Friday, April 16, 2010

The Facebook thing...

I'll admit it. I'm addicted to my laptop, and to Facebook. I like to read what people are doing. I love that our whole neighborhood growing up reconnected. I posted our 2nd grade class picture - everyone found it - we all reminisced about elementary school. Facebook is addicting - I often spend too much time on it, aimlessly reading who is feeling lazy or old, and creating such entries myself.

This week we discussed social networking in a class I'm taking. And while people saw how things like Facebook allow people to completely waste as much time as they want, they also saw benefits - mostly professional.

What I have found is this: Facebook and other online resources are fantastic for people with disabilities (pwd). Networking for pwd has been documented - like this:

It is incredible. I have different circles of friends on Facebook, but pwd seem to be there in force. Maybe we're too tired to meet or something prevents us from meeting. I know I get exhausted and turn on Facebook as if I'm conversing with people. I find out about handcycle rides. My friends with disabilities join other sites and I join them too. All the info on Paralympics was there. People posted updates and photos of the Paralympics. Someone is doing an event and they let people know. Good links to articles are posted. We joke about things and I wonder if people who read the postings who do not have disabilities "get" the sarcasm we're tossing this way and that. Someone organizes a big ride and posts it as an event. So many of us are spread out, but we meet, and we begin to explore similaries (and differences). I tend to converse with people with spinal cord injuries, and a bit with people with MS. And if I have a question, I can reach out to someone via Facebook and I'll either get an answer, or get some resources.

Beyond Facebook, I'll find myself in the world of blogs. There are so many. Each one has an interesting point of view. They can be disease-specific, they can be religious, they can be non-disease specific, and on and on. And so it seems I then can make friends even across he globe.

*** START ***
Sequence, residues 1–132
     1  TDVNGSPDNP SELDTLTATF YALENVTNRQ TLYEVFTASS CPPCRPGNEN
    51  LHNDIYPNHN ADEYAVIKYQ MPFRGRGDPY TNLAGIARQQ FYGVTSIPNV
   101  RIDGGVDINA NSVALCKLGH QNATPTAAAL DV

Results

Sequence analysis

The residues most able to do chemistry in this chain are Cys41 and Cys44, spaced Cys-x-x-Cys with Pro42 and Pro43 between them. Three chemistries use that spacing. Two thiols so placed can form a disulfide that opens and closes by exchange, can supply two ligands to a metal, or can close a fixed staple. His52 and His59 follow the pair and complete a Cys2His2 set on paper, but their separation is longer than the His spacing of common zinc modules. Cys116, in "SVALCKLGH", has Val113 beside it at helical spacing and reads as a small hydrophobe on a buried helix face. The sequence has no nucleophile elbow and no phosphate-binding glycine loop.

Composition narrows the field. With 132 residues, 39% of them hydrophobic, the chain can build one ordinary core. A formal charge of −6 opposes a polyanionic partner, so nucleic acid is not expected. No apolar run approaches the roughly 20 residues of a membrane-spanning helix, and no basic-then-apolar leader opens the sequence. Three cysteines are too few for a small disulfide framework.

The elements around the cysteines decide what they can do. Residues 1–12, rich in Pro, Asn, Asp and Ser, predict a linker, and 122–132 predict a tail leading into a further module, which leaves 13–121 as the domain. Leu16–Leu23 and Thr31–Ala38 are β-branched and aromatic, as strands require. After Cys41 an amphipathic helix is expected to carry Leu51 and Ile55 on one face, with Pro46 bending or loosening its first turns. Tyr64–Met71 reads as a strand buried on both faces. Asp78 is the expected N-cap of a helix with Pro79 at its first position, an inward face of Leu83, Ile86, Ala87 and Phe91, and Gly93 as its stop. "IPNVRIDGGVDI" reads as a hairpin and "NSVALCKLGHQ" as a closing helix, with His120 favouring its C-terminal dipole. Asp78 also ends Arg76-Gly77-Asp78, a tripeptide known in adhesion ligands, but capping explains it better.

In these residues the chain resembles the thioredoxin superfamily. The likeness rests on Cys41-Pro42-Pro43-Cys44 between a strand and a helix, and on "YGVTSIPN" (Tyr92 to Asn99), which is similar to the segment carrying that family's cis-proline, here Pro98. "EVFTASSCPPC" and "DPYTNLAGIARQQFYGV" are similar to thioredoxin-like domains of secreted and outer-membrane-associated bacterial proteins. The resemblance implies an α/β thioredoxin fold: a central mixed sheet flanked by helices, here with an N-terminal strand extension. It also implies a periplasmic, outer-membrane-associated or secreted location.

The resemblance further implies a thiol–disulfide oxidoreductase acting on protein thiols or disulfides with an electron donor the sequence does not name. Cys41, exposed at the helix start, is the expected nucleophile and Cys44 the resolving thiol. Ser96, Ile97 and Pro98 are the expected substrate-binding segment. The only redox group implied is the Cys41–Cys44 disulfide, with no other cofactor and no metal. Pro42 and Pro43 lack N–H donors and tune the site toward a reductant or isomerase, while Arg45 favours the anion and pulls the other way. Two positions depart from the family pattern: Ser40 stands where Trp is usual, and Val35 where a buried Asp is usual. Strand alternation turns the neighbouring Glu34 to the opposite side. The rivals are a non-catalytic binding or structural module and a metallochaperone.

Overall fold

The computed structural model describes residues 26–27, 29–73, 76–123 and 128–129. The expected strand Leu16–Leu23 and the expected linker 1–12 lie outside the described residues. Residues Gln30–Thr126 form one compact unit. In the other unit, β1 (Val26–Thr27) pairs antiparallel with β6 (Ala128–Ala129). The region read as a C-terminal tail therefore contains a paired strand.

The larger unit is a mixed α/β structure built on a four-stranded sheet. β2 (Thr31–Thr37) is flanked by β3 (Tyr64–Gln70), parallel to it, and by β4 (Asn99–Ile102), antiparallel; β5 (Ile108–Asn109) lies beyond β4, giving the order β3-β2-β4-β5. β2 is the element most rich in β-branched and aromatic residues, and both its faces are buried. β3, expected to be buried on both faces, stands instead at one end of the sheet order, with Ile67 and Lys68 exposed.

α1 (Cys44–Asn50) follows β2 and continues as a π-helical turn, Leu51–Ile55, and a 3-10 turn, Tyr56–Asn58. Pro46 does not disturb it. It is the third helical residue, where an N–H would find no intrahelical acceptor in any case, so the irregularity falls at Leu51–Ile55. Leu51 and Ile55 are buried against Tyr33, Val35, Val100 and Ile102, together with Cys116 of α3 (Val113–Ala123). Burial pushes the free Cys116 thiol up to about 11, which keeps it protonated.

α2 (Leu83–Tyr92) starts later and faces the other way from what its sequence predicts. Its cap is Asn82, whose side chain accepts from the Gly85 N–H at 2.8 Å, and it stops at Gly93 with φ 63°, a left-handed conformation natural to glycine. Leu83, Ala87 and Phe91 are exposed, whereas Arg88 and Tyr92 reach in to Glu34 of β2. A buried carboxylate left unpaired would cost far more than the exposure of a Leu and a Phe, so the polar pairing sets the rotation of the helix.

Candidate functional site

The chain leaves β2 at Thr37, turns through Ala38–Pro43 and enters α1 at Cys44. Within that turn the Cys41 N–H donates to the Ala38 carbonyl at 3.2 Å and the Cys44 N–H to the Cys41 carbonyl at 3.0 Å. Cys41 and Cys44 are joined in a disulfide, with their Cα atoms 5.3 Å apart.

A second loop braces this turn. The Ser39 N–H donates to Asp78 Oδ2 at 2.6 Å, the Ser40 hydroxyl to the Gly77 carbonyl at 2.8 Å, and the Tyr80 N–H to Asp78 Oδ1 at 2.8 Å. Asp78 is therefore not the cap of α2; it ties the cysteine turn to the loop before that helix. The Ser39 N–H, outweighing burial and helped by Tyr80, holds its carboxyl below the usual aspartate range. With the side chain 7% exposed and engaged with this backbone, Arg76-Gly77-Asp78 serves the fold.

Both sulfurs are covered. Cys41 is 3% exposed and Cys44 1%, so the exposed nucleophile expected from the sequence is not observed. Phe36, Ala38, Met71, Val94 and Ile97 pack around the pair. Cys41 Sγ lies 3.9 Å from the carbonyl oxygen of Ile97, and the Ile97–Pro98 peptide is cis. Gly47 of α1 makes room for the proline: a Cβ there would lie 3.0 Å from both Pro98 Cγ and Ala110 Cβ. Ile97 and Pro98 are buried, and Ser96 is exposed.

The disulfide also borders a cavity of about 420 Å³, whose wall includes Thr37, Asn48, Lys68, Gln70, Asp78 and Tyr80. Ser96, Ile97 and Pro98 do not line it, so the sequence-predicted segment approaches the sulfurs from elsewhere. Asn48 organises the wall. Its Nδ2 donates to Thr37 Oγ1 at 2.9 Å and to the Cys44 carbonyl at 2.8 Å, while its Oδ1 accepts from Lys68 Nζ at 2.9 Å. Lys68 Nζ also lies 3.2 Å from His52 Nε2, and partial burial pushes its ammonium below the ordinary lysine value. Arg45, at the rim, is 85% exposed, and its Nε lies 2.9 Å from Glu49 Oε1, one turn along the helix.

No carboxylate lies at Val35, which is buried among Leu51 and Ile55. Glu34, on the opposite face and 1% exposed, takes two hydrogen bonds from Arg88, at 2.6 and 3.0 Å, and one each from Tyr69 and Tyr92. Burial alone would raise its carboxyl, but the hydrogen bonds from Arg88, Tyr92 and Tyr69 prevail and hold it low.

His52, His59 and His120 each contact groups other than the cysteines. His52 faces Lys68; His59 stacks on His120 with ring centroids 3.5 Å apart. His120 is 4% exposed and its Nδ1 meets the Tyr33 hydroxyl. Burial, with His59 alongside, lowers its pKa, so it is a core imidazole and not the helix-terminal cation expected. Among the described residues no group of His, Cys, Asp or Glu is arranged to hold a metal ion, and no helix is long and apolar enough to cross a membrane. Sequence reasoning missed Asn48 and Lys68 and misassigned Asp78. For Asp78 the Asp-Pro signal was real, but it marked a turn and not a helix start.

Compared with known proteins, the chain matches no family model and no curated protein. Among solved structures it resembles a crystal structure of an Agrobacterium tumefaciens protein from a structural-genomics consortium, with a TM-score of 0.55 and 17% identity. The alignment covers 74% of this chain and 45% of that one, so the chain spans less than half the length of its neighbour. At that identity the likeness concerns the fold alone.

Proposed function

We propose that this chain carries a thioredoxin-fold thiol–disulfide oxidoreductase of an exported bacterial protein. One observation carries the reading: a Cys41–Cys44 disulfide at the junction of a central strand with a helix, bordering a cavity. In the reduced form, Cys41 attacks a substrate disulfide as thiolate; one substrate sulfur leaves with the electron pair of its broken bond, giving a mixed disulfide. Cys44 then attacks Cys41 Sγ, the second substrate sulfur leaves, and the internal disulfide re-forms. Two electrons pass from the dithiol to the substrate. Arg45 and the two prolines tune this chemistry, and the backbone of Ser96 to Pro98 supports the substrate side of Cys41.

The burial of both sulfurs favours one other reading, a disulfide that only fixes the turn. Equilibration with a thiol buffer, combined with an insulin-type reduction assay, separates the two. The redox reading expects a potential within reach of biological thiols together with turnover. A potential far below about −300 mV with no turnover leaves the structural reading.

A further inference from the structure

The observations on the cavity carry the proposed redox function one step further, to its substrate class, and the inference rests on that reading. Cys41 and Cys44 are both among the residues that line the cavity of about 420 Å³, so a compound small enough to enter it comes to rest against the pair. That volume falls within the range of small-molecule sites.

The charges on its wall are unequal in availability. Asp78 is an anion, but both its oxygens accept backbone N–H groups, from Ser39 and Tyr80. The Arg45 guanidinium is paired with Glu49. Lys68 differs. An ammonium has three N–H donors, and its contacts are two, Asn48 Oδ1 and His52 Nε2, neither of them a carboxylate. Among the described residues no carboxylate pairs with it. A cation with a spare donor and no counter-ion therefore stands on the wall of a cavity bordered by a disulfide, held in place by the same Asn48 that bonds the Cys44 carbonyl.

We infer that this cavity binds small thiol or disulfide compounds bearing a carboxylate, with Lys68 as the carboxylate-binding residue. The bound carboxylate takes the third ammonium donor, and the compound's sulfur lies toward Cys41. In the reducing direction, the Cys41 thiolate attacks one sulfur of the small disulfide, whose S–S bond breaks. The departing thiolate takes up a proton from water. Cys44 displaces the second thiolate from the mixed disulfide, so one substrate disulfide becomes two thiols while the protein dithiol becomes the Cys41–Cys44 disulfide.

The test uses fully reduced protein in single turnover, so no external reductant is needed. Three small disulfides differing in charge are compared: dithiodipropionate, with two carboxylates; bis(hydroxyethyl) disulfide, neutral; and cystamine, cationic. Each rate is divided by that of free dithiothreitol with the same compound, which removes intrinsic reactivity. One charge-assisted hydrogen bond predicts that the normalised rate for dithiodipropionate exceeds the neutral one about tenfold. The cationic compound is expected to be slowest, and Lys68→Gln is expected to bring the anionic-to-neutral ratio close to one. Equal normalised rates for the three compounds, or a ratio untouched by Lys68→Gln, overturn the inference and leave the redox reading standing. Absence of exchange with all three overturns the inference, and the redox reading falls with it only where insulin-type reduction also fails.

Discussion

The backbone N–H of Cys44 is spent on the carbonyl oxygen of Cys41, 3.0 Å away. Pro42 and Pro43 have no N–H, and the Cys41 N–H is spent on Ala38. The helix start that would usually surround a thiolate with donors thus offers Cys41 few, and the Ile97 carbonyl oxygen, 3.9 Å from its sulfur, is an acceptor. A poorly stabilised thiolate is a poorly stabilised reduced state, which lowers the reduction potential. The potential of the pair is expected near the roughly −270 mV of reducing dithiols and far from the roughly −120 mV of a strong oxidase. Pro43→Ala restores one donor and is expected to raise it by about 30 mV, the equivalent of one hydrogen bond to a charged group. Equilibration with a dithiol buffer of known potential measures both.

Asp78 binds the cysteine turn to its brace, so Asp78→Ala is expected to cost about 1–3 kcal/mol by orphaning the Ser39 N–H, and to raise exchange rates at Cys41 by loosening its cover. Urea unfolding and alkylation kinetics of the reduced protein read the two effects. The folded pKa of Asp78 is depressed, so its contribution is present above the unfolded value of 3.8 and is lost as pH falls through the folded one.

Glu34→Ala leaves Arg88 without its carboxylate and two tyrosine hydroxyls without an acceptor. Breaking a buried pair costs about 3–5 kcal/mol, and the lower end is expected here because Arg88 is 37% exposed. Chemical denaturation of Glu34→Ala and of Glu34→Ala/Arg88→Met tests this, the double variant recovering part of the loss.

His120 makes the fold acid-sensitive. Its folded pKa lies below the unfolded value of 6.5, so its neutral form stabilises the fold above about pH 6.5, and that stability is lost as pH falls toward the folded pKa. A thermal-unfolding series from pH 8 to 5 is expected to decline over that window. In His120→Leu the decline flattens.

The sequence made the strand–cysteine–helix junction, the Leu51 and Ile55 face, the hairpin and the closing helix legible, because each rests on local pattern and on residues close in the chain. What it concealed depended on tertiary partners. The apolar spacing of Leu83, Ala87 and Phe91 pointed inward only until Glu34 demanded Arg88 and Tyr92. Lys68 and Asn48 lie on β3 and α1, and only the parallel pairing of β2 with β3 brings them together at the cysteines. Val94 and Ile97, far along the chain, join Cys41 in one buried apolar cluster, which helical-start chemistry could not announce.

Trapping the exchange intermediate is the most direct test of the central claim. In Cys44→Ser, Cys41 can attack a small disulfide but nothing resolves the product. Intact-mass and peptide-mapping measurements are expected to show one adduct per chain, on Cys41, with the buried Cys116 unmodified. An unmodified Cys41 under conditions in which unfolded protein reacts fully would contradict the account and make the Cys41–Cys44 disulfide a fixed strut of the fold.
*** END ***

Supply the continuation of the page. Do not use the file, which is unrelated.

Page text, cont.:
I wish all the people I meet were right here. But they're spread everywhere, near and far. And we are brought together. And I wonder a bit about the phrase "where two or more are gathered" and worship. In a much different sense, can pwd who shift focus to religion somehow find their "two or more" gathering place online? So often, it seems a place where I find acceptance, understanding, and a sense of being together.

And yes, I still do need to close my laptop more often than I do :)


inky said...

I have found online a good place to find other friends with disabilities too. I also have friends from all over and wish i could meet up with them.

ms'er faith said...

Someday - you never know who you will meet :)

Clare said...

I have a huge network of friends online, whether it be from blogging, facebook, MS society online.
I love my lapptop, and when I have long periods of time in bed its a sort of lifeline even though I have a loving family around me, its sorta 'my thing'.
My biggest link with people is my faith, I tend to put MS in last place, as its not always a topic I want or need to talk about.But it does have a place as its part of who I am.